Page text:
A while back I stood on a street corner in a major U.S. city and counted five Starbucks stores within my limited range of vision. I wondered what on earth they were thinking; weren't they concerned all these stores would cannibalize each other? Well, no, they weren't concerned at all, and their reasoning sheds light on the company's phenomenal success --- and what the church can learn from the Starbucks knack for engaging the culture and transforming it in the process. THE GOSPEL ACCORDING TO STARBUCKS offers a delightful romp through the world of a company that changed the way we take our cup o' joe. And along the way, the book offers a wealth of insights that will help the church engage the culture --- and maybe, just maybe, help transform it, changing the way people relate to God and express their faith.
But first, to the author. If Leonard Sweet's contribution to the literature of the church was limited to his academic, theological works on postmodernism, that would be enough to earn our gratitude. The fact that he also remembers the masses makes his writing a doubly valuable asset. This is one of his books for the masses, and for reasons I can't quite pinpoint, it's one of his best of that kind. Maybe it's the fascinating tidbits about Starbucks's history and corporate culture that pepper the book; maybe it's the oh-so-familiar behavior of caffeine-addicted consumers like me; maybe it's the dots he connects between extreme sports and karaoke and reality TV and a chain of coffee houses. Whatever it is, he brews up a whole lot of fun and pours out his best blend of information, insights, wisdom and casual writing style.
To help us "get" the Starbucks culture, Sweet uses the acronym EPIC: experiential, participatory, image-rich and connective. If you've ever entered a Starbucks store (forgetting for a moment the kiosks in airports and other locations), you know what Sweet means. At Starbucks, you're not buying a cup of coffee; you're immersing yourself in a cultural Experience. You're not settling for the ordinary; you're "living with a grande passion," as the subtitle reveals. Unlike fast-food franchises, Starbucks encourages you to Participate by allowing you to create your own customized beverage from something like 55,000 potential combinations; you can truly "have it your way" there. (Just imagine asking for a medium-well burger at Burger King.) Every Starbucks store is rich in Images, much more like a medieval cathedral than the gymnasiums that are home to so many of our worship services.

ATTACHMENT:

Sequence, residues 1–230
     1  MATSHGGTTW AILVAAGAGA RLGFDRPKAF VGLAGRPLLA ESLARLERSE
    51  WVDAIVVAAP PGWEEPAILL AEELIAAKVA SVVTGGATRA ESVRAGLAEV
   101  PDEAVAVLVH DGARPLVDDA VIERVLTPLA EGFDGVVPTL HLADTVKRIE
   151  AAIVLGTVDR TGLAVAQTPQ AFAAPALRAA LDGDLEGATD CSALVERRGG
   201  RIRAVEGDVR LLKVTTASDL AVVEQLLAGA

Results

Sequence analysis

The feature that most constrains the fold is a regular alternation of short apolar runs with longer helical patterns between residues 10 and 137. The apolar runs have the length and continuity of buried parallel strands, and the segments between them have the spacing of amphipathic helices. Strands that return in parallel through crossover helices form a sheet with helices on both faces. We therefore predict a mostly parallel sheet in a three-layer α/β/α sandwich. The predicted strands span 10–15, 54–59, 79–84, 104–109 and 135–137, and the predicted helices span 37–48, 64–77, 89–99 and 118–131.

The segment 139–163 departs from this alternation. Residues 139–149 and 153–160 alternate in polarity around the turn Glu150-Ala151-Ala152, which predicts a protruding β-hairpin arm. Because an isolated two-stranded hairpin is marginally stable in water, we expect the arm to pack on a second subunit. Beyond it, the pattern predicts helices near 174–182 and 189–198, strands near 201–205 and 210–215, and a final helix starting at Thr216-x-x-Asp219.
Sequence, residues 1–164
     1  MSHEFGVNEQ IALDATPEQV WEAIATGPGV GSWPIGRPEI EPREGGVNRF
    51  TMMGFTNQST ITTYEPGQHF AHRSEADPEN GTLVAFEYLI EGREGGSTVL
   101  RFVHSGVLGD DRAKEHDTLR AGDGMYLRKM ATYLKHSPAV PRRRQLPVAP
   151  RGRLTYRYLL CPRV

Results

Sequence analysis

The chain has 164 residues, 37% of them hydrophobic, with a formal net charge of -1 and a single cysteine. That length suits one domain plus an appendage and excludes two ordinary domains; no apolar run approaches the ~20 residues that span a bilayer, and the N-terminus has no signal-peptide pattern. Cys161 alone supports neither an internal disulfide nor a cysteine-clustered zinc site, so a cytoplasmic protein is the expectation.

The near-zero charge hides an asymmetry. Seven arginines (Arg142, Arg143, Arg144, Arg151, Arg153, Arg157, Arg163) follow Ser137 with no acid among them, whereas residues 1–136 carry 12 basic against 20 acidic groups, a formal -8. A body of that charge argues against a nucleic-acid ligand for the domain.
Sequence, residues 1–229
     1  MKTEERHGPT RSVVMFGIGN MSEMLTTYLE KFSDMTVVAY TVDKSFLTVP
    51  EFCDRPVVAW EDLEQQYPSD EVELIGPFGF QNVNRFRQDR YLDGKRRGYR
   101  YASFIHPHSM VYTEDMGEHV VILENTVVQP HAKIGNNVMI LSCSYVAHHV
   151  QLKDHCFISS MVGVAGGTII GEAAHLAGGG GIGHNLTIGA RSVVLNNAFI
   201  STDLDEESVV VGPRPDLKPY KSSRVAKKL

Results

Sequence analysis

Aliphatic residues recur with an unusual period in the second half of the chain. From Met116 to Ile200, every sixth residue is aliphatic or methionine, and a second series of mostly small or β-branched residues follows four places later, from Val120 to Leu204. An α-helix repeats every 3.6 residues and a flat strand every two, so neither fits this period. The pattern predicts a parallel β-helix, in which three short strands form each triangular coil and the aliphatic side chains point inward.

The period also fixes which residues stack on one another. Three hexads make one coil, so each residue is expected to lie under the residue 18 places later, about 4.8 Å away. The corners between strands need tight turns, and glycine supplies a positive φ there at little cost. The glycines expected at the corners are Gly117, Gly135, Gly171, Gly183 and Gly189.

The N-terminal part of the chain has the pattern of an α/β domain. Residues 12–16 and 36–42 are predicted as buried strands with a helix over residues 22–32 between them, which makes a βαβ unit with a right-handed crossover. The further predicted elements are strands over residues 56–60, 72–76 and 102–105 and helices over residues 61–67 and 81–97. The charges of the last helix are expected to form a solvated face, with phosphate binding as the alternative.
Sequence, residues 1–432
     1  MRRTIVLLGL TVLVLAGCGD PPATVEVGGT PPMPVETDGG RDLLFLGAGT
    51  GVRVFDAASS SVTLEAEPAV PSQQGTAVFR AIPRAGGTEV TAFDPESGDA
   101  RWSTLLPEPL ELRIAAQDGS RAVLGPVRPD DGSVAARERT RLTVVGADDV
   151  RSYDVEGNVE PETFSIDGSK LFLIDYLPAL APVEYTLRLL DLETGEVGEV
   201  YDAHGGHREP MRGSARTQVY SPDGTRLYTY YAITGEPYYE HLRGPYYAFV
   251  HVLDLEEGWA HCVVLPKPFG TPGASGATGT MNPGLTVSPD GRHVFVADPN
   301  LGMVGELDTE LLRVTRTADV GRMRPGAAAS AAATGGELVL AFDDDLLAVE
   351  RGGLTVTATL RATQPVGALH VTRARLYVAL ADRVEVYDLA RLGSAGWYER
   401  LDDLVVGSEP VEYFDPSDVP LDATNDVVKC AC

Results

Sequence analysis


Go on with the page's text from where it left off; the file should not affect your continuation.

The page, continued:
Perhaps most importantly --- at least for me --- Starbucks offers a Connection with others. I love this quote from the book: "In a culture without a front porch, in a culture where we built up the backs of our houses with decks and walls, not the fronts of our houses where we might connect with a passing neighbor; in a world where we invested in privacy over hospitality, Starbucks spoke these words: 'We'll be your front porch. Hang out here.'" The message to the church, found in all four EPIC words, is obvious: we need to provide a deeper spiritual experience, greater opportunity for participation, powerful images that tell the story of God, and a welcoming atmosphere that encourages genuine connection with others. I suspect the aroma of freshly brewed coffee couldn't hurt.
As in nearly all of his books, Sweet reminds us that faith as an authentic lifestyle is often missed when "right-thinking" --- and overthinking --- crowns reason as the master over our lives. Granting that level of power to "reason" has robbed us of a "grande gospel, frappuccino faith, venti life of romance and passion," he writes. "Starbucks took an old, unexciting standby --- hot, dark liquid in a cup --- and made it an EPIC beverage that millions of people feel they can't live without. That, in a very few words, captures the contextual intelligence that Christians can gain from studying the Starbucks way of doing business."
Reviewed by Marcia Ford on January 16, 2007